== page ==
Published on in Children's Doctor
A 5-year-old patient’s mother calls for an appointment to discuss her son’s “multiple genetic diseases.” She is anxious about the prognosis of his unique combination of conditions. No one has explained what this means for her son’s health.
Upon medical records review, you learn he has a diagnosis of Leigh syndrome. He experienced severe neurodevelopmental regression during a viral illness at 3 years old and had a brain MRI showing bilateral basal ganglia lesions. While making slow progress with intensive therapies, he has not yet returned to his pre-metabolic stroke baseline. Gene panel testing performed several years ago was unrevealing of a definitive diagnosis; while he had multiple variants reported in several genes, none were reported to cause his medical concerns.
The mother is very surprised when you tell her he has no clear genetic diagnosis, as she had thought he had every condition linked to genes listed on his genetic testing report. When you explain that newer genomic sequencing tests are now available that could identify the genetic basis of his disease, she agrees to clinical whole exome sequencing. This clinical diagnostic test simultaneously sequences all 20000-plus nuclear genes, including more than 90 genes in which mutations may cause Leigh syndrome, and 350-plus genes in which mutations may cause many different mitochondrial diseases. All 37 mitochondrial DNA (mtDNA) genes will also be sequenced, since mtDNA mutations can also cause mitochondrial disease in children. Following informed consent and insurance approval, blood samples are collected from the child and both parents, and trio-based exome sequencing is initiated.
Three months later, clinical exome sequencing results confirm the child’s genetic diagnosis. He has 2 pathogenic variants in a single gene, 1 inherited from each unaffected, carrier parent. Pathogenic variants in this gene were only recently recognized to cause Leigh syndrome and would not have been detected on his earlier gene panel. This genetic diagnosis will allow for tailored management and treatment, and also allow their son to be eligible for a growing number of emerging Leigh syndrome clinical treatment trials.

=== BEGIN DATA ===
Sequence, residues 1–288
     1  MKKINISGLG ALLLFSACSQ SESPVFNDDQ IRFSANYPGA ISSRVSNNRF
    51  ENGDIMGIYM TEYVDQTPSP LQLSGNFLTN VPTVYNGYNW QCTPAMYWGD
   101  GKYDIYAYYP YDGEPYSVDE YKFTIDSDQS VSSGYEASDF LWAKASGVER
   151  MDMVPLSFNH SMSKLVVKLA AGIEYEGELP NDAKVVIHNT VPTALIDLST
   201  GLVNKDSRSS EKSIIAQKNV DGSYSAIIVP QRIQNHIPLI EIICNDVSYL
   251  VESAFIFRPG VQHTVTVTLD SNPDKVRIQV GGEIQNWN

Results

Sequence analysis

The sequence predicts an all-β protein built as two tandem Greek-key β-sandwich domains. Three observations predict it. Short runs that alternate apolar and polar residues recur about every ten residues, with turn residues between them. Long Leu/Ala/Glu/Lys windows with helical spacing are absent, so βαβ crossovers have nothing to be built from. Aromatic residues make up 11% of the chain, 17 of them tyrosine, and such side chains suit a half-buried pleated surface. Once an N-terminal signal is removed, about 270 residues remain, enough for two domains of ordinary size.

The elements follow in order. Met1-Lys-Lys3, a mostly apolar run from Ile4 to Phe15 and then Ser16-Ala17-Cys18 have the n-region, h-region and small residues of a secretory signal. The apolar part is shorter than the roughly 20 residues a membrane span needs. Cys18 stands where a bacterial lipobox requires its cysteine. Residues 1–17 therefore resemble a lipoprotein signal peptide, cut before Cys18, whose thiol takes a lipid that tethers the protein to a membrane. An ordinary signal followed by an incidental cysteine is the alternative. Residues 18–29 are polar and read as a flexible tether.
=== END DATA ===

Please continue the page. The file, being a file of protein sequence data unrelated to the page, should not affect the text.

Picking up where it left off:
Now that they are empowered with clear genetic understanding of their child’s disease, you counsel them about familial recurrence risks and review the family’s reproductive options. Both parents are shocked to hear of the range of preimplantation and prenatal options to definitively determine if a future child would develop Leigh syndrome, and if so, to prevent the condition in that child. They cry when they reveal they had decided they did not want to have more children if there was a chance they would have the same serious condition. They will share this genetic diagnosis with family, so related adults can undergo carrier testing for the exact genetic mutation known to cause Leigh syndrome in their family.
Leigh syndrome is a common pediatric presentation of mitochondrial disease. Remarkably, 10 to 20 novel disease genes that cause mitochondrial disease continue to be discovered each year. Confirming causality of a given gene variant is essential, since all people have extensive genetic variation (>150000 variants per exome) that is confusing to families if they are left without help to interpret complex testing reports. Thus, it is vital the complex genetic testing process is properly explained to families both before and after testing, and used to optimize medical care and empower family members with effective patient management approaches and reproductive options.
References and suggested readings
Muraresku CC, McCormick EM, Falk MJ. Mitochondrial Disease: Advances in clinical diagnosis, management, therapeutic development, and preventative strategies. Curr Genet Med Rep. 2018;6(2):62-72.
McCormick EM, Muraresku CC, Falk MJ. Mitochondrial Genomics: A complex field now coming of age. Curr Genet Med Rep. 2018;6(2):52-61.